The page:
TEHRAN, Iran -- Angry Iranians gathered in front of the former U.S. Embassy in Tehran on Friday to celebrate the annual "Day of Fighting the Global Arrogance," and a senior security official warned against any compromise with the "great Satan."
Holding up models of missiles, which had "Made in Iran" proudly written on them, bearded youths stood before the former U.S. mission, almost 33 years after it was seized by Islamic students on Nov. 4, 1979. The hostage crisis that ensued led to 444 days of captivity for 52 U.S. diplomats and the break in diplomatic relations between Washington and Tehran that continues today.
While The New York Times reported last month that Washington and Tehran were testing the waters for direct talks -- an idea denied in both capitals -- Iranian hard-liners turned the annual commemoration on Friday into a stage for opposing any form of compromise.
DAKAR, Senegal -- The spiral of violence in northern Nigeria took another deadly turn this week as security forces in the city of Maiduguri shot dead dozens of young men whom they accused of belonging to the radical Islamic sect Boko Haram, according to hospital staff, local journalists and a human rights activist there.
Nigeria has waged a grinding, low-intensity war with the sect since 2009, with nearly 3,000 people killed by Boko Haram or soldiers and the police, rights groups say.
This week's violence in the war's epicenter, Maiduguri, where Boko Haram was created, added to that toll. At least 39 people, and possibly as many as 70, were killed in raids by the Nigerian army and the police late Wednesday and early Thursday. There was no immediate comment from the Nigerian military on Friday.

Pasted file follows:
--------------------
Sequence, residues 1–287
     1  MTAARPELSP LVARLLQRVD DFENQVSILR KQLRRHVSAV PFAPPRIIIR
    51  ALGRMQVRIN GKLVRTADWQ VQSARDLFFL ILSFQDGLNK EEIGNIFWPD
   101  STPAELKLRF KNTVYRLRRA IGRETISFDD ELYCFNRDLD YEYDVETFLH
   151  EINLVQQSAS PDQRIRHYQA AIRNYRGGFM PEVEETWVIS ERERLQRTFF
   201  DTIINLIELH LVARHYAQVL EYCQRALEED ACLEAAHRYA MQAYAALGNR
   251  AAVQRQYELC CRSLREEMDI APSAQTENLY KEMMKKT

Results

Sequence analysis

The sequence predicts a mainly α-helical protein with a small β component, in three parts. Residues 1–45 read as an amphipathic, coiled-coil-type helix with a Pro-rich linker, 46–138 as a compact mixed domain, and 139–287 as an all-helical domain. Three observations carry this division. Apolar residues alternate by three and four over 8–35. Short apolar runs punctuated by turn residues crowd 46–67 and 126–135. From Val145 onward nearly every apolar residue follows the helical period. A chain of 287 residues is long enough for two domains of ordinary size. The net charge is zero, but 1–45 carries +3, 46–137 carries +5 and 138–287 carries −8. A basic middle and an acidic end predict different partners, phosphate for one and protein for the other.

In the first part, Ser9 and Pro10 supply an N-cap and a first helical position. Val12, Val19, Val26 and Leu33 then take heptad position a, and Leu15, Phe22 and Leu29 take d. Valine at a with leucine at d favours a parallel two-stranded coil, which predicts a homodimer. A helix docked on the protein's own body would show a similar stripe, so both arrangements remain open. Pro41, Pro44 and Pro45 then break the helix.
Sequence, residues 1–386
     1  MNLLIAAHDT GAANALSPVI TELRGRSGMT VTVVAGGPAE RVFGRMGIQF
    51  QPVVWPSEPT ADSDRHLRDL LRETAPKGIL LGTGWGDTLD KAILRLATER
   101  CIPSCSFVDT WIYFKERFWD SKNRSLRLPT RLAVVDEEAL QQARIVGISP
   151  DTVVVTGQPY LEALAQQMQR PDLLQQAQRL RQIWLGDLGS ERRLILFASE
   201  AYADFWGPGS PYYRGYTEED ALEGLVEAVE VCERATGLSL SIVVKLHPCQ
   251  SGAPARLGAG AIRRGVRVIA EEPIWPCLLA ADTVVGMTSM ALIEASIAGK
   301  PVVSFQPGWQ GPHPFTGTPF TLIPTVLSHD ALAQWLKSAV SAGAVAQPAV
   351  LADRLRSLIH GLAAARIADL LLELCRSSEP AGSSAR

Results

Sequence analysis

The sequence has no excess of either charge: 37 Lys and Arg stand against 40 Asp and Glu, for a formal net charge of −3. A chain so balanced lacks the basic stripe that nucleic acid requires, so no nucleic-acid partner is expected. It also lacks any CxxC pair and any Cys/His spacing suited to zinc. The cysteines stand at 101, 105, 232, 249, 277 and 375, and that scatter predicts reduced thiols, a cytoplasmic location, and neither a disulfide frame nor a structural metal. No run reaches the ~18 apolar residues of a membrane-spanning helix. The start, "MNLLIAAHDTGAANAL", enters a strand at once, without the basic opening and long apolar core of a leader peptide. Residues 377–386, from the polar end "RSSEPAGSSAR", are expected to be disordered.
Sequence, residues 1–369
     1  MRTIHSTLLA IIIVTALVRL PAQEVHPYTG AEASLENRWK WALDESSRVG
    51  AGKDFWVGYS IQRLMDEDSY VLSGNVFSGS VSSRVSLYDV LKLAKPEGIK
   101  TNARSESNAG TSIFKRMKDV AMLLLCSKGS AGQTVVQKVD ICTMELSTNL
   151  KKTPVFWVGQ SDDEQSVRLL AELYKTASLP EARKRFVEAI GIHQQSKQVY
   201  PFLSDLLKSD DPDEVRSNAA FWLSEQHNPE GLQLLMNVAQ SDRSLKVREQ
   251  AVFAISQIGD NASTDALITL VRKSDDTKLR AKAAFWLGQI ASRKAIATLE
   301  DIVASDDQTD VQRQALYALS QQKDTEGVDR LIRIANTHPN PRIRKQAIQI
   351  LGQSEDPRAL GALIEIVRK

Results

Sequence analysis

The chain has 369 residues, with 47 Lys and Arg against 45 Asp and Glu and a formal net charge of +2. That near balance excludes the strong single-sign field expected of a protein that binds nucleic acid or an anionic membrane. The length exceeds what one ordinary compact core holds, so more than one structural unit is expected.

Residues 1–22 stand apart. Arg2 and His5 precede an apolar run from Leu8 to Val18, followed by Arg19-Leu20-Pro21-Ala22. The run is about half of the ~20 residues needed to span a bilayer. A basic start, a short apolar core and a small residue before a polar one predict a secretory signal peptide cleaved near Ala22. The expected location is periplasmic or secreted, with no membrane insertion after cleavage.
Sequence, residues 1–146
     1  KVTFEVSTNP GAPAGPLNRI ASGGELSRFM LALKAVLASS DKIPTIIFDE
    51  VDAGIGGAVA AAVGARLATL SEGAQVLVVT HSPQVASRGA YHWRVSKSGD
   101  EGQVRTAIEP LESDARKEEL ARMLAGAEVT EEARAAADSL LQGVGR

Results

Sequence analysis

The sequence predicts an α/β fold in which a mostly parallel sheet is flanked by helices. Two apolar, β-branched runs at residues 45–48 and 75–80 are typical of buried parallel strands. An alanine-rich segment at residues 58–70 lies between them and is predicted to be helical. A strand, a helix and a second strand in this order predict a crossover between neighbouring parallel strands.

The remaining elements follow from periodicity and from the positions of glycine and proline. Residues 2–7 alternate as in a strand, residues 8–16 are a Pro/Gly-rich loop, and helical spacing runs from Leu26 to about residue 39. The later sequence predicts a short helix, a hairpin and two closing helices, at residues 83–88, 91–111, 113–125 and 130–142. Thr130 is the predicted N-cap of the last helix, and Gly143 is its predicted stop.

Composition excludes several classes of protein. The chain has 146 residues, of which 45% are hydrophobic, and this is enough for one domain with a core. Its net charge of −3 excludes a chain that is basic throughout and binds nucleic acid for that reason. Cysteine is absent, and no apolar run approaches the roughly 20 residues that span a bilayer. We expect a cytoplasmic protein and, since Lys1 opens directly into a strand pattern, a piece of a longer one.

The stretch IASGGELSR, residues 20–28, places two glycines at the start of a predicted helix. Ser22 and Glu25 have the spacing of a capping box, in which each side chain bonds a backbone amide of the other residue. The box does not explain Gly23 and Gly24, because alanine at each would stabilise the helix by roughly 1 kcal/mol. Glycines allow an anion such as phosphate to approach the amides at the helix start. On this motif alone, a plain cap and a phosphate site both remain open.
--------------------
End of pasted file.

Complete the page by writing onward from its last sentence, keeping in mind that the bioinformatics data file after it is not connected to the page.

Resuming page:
TUNIS, Tunisia -- Tunisian authorities have arrested five people over an alleged plot to kidnap young people from wealthy Jewish families and hold them for ransom, an interior ministry spokesman told the German news agency dpa.
An interior ministry spokesman said the plot targeted "two young Tunisians from two rich families."
Tunisia is home to a small community of about 2,000 Jews, concentrated mainly in the south and on the island of Djerba.
SHANGHAI -- China, the world's biggest producer and user of coal, is suspending operations at smaller mines in a bid to improve safety before the nation's once-in-a-decade leadership transition this month.
Ahead of the 18th Party Congress, which begins Thursday in Beijing and runs for at least a week, the State Administration of Work Safety has sent inspectors to mines to "spot hazards" and accelerate shutdowns over the next month, it said in an Oct. 24 statement on its website.
China has been working to improve safety in an industry in which accidents killed 1,973 people last year and 2,433 in 2010, according to Chinese work safety officials. That compares with 48 deaths in 2010 in the U.S., the world's second-biggest coal producer.
Germany's drive to generate more than a third of its electricity from the sun and wind is boosting daytime supplies and reducing the extra cost of consuming power during office hours to the lowest level in 11 years. Solar capacity may jump 43 percent by 2015, further cutting daytime prices, analysts said. ... Bankrupt tycoon Sean Quinn, once Ireland's richest man and a celebrated self-made billionaire, was sent to jail for nine weeks Friday after a judge found him guilty of stripping foreign assets from his crumbling business empire in violation of court orders.